At least two sills and four dikes were identified within the lower complex at Konusdalen (see Fig. 2), forming a network of relatively thin (up to 10 cm) clastic intrusions, apparently radially oriented from a discrete, mounded coarse sandstone body ~50 m in diameter (Fig. 7). The injectites have thicknesses varying from 5 cm to 80 cm, are traceable up to 10 m laterally, and seem to be bounded at the top by a glauconite marker interval of the Oppdalssåta Member.

The area appears to be crosscut by at least two sets of structural lineaments oriented NW-SE and NNE-SSW, which appear to be locally confined within the lower part of the Agardhfjellet Formation (see Fig. 7). These structures do not show appreciable displacement and mutual crosscutting relationships, with the NW-SE set apparently abutting against the NNE-SSW set.

The injectites are composed of a clast-supported, fine- to coarse-grained, pebbly sandstone with rounded quartz and lithic grains (up to 4 cm) characterized by a distinctive reddish oxidation color (Figs. 8A8C). Microscopically, these pebbly sandstones appear to be texturally and compositionally mature with very well-rounded and highly spherical quartz grains and phosphate/dolomite nodules embedded in a fine-grained, ferroan-calcite cement (Figs. 8D8E). The overall grain size seems to increase toward the isolated sandstone body.

The dikes show three main sets of orientation: NE-SW (N34°), NNW-SSE (N154°), and ENE-WSW (N80°), appearing to be connected by sills (Fig. 9A). The black shales around coarse-grained, pipe-shaped injections found ~3–4 m underneath the mounded sandstone body show strikingly red to yellow oxidation colors (Figs. 9B9C).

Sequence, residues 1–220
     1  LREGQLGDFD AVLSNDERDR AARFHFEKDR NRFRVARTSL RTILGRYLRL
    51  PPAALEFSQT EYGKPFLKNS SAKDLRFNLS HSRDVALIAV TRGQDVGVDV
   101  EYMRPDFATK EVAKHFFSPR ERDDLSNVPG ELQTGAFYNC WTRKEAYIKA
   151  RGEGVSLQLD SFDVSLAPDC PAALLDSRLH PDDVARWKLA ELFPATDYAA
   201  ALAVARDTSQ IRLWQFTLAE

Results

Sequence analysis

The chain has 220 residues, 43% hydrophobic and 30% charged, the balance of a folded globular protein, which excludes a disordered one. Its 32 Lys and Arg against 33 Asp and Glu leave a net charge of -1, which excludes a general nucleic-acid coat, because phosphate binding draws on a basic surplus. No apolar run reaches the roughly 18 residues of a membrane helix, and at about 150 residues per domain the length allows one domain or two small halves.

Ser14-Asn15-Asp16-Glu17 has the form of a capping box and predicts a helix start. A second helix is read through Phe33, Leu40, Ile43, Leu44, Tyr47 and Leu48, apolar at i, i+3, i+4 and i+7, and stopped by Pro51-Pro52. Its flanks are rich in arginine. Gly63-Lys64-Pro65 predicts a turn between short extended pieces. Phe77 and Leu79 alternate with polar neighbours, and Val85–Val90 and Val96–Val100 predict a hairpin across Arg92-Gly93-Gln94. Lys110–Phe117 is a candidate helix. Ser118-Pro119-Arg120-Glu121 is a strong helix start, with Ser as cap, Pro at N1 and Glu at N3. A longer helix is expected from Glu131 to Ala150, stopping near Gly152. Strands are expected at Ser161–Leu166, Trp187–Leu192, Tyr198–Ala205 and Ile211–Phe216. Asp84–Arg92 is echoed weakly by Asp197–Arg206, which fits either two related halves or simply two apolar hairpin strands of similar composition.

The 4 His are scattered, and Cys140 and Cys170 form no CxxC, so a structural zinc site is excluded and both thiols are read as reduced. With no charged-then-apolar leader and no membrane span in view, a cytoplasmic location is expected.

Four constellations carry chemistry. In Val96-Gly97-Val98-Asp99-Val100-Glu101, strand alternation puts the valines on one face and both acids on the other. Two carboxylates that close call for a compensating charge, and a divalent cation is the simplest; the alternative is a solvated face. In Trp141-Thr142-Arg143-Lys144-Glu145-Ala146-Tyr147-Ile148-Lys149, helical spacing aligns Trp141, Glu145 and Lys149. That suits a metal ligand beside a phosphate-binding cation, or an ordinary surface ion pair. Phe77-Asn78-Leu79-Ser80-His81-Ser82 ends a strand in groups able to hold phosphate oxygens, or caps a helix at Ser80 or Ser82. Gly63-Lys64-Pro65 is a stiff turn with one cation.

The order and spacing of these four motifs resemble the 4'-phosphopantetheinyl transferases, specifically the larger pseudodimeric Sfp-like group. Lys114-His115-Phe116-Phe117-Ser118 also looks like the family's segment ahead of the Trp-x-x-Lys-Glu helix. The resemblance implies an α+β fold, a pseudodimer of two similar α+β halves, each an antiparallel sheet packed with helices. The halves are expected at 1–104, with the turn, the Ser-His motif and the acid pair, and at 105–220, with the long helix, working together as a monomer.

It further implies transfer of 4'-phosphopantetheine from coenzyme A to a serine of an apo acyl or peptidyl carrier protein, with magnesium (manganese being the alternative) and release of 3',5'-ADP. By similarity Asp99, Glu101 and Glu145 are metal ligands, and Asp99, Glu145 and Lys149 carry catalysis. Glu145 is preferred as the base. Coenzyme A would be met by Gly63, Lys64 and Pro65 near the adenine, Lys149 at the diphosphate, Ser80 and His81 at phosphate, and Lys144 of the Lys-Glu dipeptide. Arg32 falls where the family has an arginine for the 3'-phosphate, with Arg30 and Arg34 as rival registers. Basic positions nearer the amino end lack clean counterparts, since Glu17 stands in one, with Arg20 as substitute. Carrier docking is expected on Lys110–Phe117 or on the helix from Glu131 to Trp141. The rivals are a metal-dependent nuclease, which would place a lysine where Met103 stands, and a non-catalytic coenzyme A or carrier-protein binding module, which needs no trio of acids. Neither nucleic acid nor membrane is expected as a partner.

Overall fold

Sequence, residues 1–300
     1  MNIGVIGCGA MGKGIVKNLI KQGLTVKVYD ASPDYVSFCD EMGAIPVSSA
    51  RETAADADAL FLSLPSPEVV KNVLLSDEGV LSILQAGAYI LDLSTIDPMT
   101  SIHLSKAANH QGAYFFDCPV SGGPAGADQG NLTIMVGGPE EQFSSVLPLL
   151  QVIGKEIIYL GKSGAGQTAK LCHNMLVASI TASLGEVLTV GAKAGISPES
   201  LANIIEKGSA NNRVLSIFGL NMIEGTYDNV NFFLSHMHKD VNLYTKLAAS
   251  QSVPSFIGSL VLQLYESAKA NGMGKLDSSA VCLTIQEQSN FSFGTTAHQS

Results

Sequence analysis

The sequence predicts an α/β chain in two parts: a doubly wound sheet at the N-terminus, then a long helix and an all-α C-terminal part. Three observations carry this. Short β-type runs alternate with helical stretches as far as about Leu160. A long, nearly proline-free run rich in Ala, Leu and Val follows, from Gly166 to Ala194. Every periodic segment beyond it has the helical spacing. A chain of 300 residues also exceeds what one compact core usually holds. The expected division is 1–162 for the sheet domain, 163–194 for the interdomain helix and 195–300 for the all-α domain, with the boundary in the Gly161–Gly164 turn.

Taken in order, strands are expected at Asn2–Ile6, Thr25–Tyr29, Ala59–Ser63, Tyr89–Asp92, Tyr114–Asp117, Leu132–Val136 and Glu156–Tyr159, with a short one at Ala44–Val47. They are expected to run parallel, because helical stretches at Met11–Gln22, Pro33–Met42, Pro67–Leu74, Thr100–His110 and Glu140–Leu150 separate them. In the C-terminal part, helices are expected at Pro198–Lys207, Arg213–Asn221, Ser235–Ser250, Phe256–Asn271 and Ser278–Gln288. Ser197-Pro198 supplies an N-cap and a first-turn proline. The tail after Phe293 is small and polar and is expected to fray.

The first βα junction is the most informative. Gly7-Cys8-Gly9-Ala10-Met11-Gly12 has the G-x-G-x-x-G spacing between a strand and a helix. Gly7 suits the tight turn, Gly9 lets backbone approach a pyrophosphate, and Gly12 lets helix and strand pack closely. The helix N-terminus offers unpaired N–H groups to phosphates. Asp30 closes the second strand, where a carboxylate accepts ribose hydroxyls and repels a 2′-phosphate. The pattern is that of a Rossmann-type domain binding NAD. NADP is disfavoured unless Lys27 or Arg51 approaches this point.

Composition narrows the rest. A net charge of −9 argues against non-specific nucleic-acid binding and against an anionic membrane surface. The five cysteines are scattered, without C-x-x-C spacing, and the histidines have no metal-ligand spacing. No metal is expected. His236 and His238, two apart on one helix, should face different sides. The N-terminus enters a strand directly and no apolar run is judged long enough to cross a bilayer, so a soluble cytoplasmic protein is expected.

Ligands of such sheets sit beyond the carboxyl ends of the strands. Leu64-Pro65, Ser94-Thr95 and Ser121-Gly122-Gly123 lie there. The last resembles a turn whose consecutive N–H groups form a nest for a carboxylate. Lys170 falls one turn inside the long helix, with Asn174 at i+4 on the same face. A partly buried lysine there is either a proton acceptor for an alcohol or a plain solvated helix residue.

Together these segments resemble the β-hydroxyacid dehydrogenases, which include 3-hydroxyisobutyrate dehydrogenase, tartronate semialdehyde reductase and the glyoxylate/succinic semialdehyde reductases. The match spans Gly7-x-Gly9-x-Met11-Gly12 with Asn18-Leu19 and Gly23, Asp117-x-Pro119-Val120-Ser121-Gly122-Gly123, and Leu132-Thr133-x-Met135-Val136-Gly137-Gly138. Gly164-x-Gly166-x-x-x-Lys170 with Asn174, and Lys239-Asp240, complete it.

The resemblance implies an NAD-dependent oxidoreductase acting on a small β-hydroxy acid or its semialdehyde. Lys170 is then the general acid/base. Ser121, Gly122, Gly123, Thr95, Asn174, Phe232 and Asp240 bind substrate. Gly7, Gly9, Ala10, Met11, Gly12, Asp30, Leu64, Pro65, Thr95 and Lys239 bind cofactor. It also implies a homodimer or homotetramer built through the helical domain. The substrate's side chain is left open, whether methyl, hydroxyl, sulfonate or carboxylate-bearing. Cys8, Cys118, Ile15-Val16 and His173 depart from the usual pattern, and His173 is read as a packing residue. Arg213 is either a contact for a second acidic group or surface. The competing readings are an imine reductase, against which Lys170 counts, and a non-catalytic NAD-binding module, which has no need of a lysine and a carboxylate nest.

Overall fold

The mounded, coarse sandstone body is located at the SSE end of the lower complex, appearing as a convex positive structure. It has a flat conelike shape and is composed of a fine-grained conglomerate with quartz grains and lithic clasts (up to 0.5 cm), which get coarser in the center of the structure (Fig. 9D). The injectite network seems to be radially oriented with respect to this structure.

The sills appear in segments, separated by normal offsets of a few centimeters. The top margins of the sills are smooth, with remnants of the black shale of the host rock as clay smear on top (Fig. 9E). Both dike and sill structures are distributed at different stratigraphic levels, across an interval of ~50 m, and are characterized by complex internal features (e.g., particle banding, intrafolial folding, fluidal structures) and kinks and sharp boundaries with the country rock (Fig. 9F). Some dikes also show mud clasts (up to 10 cm) in the top segment (Fig. 9G). These clasts show the same lithology as the wall rock, being most likely detached from it, and the fissures are filled by injectite material. Within the dikes, grading is present, with an increasing grain size toward the center of the injectite. Mullion-like, soft-sediment corrugations and striations similar to those identified in the upper complex were also observed in some of the dike margins (Fig. 9H).